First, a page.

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Pre-Trip Report: Arizona Trail

Dirt Cowboy
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After two weeks of rest from completing my thru-hike across Florida along the Florida Trail I was ready to conquer another state and trail. So many fellow hikers had been gushing to me about the Arizona Trail(AZT) with my hiking buddy Goose having done it twice already! The weather window for a spring NOBO hike lined up perfectly and I expected that with my trail legs I'd be able to finish the roughly 800mi(1280km) trail in roughly a month. I was most excited to be climbing mountains and getting to the bottom of the Grand Canyon along my journey. With roughly the same gear I crossed Florida with I was off to Arizona to hike once more.

I flew from Toronto to Tucson which was one of the closest international airports to the southern terminus of the trail along the USA-Mexican border. To actually get to the terminus there are a few options with shuttles running from Tucson to Sierra Vista. It is possible to plan an Uber from Sierra Vista to the Joe's Canyon Trailhead but I had an excellent local shuttle operator take me there for $92USD. I highly recommend contacting Michael at Sierra Vista Shuttle LLC to get a ride. He waited for me despite my delayed arrival time, stopped by Walmart so I could resupply and drove me all the way to the visitor centre instead of just dropping me off in the city where I would then have to find another ride.

My plan is to go NOBO(NOrth BOund) along the trail using the maps I purchased on Far Out(formerly known as Gut Hooks). These maps include up to date information concerning water, campsites and closures or detours along the trail.

A bit of research online for a resupply strategy provided poor results. Most bloggers decided to resupply almost exclusively through mail drops. As an international traveller this is a difficult option for me because it requires I spend a day or two buying groceries in bulk and mailing them out. It not only restricts my food options into the future but puts me on a schedule of having to pick up these boxes. My preferred strategy is always to just resupply on the go. Luckily I found someone with my same style(seen below) and in the end I did a 100% in-town resupply:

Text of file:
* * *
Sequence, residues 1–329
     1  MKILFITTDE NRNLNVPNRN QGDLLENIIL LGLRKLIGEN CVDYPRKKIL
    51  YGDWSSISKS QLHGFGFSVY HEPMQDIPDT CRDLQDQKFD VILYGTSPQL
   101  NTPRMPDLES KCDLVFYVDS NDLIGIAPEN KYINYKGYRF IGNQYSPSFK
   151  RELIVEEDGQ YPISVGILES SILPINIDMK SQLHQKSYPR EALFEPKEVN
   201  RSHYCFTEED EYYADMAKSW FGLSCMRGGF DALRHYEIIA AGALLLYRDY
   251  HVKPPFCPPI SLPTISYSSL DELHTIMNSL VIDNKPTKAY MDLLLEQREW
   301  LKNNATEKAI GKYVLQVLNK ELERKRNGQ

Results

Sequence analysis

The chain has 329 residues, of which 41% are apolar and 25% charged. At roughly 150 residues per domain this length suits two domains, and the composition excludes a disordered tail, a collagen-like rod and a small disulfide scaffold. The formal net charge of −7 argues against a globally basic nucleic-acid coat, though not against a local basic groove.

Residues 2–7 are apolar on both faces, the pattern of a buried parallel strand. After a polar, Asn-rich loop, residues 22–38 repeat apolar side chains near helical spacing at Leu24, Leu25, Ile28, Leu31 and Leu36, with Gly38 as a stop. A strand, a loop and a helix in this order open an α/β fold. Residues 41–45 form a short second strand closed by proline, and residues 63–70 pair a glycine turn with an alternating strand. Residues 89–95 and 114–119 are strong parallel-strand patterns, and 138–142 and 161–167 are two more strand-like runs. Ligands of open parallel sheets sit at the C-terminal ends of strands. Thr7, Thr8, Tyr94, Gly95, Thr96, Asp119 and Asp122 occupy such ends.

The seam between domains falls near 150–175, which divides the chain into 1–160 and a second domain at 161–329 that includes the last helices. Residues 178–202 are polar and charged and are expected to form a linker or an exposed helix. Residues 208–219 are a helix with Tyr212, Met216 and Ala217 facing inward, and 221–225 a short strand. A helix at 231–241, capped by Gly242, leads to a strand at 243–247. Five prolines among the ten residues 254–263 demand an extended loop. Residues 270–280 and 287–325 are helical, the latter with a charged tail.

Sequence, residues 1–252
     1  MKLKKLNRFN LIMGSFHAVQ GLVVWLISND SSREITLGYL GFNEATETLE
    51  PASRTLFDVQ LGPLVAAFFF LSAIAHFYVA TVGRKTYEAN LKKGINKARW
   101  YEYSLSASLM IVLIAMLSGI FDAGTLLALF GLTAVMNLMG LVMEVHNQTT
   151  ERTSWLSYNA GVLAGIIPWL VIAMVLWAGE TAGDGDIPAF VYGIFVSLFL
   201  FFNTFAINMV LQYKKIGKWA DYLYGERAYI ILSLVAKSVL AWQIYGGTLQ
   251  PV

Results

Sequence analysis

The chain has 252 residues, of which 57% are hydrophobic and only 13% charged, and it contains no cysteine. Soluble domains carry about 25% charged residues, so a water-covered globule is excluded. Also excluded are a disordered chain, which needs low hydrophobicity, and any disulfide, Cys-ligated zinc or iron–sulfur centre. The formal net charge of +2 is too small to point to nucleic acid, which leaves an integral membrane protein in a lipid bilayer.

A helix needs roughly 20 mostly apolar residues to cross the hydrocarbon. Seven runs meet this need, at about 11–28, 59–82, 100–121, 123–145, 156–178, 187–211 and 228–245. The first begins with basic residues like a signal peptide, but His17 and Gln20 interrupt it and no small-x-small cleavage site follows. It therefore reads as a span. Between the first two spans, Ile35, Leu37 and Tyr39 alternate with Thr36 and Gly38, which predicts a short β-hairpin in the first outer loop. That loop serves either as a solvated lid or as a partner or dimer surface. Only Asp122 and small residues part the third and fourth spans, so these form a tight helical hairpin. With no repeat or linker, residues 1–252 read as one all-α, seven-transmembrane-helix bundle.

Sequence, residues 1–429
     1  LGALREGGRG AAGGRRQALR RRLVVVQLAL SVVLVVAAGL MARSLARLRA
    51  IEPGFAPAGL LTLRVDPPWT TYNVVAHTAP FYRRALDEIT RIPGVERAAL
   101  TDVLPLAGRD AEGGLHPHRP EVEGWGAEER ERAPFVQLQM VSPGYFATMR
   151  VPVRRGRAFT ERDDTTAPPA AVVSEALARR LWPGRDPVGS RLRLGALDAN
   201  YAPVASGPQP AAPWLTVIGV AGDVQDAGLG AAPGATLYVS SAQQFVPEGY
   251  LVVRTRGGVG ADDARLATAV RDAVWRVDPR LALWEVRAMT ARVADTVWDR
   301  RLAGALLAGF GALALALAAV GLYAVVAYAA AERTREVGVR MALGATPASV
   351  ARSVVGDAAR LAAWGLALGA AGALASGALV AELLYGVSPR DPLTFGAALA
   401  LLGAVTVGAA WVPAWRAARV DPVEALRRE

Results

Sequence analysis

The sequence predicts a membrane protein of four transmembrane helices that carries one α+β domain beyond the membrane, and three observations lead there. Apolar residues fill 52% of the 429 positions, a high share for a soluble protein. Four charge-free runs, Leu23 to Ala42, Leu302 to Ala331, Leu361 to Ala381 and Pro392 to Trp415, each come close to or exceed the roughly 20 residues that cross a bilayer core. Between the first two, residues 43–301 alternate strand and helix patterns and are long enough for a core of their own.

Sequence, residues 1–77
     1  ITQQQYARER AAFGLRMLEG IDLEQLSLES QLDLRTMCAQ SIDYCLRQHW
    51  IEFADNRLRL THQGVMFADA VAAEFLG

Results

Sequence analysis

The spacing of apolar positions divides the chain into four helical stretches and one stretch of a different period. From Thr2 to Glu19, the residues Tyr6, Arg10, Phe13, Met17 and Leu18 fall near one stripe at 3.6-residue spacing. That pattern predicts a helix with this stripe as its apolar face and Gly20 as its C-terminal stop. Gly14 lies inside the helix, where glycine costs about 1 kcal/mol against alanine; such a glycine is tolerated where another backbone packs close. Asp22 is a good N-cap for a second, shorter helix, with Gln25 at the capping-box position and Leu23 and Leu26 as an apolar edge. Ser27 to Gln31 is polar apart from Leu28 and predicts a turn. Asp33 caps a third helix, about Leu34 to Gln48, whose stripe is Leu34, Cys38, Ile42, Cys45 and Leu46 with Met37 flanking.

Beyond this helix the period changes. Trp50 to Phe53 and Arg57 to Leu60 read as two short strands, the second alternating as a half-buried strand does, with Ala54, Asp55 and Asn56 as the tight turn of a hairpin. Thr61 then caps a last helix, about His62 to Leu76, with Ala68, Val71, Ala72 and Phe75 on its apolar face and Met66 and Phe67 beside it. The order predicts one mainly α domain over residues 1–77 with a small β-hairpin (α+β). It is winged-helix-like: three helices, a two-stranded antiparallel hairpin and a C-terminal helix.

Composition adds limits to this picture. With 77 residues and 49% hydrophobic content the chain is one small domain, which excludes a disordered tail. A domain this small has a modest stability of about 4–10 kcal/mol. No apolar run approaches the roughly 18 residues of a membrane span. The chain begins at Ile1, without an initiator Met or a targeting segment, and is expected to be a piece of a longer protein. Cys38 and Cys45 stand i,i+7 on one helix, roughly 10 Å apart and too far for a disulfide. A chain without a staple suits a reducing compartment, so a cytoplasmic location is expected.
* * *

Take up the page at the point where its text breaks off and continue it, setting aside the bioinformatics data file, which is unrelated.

This would be yet another ultralight style trip for me. I was initially a little bit hesitant considering that most information online says that there would be large distances where I would be carrying a lot of water. To that end I just added an extra 1L bottle as well as a 2L water bladder than can be collapsed when I don't need it. With a lighter pack I end up doing bigger miles so I actually never ran into water issues and also was able to skip all the dirty sources that other hikers had to put up with. I still would recommend that hikers carry the capacity to carry water as trail conditions are variable and your mileage may vary.

Table of all items and weights

The first half of the trip was extremely hot with me sweating every night under my sleeping bag. In the second half the temperatures were in the low 30sF(-1C) every night and even I got snowed on. Be sure to do your research and bring a sleep system that can handle the temperature variance that comes with being in the desert early in the year. That being said most nights are perfect for cowboy camping!

Bring sun protection:

There is almost no cover on many sections of the trail and the desert sun is relentless. Bring whatever works for you: hats, sun pants, sun cream, chap stick, sun gloves or whatever else you need to make sure you are not severely burned or get sun rash.

Bring at least 4L water capacity:

You know best how much water you need while hiking so use your best judgement. Just realize when the sun is at it's peak and your climbing 1000ft(300m) of elevation your needs are going to change and you'll probably be grateful to have a little more to swig down. As a reference, with 25mi(40km) average days I found I never needed more than 3L but I had 5L carry capacity nonetheless.

Stay in the Grand Canyon:

Can't stress this enough but make sure you just don't do rim to rim. Plan to take at least one day camping in the canyon, it's breathtaking. The best part is that permits for camping in the canyon and either rim are super easy for thru-hikers to obtain as we don't have to put in for a reservation, we are given walk-up permits in the pre-season!


Landing in Tucson on March 16th 2022, being shuttled, hiking and then camping at the end of Joe's Canyon Trail I was ready to embark on this new ~800mi(1280km) adventure the following day.

Day by day journal of the trip:
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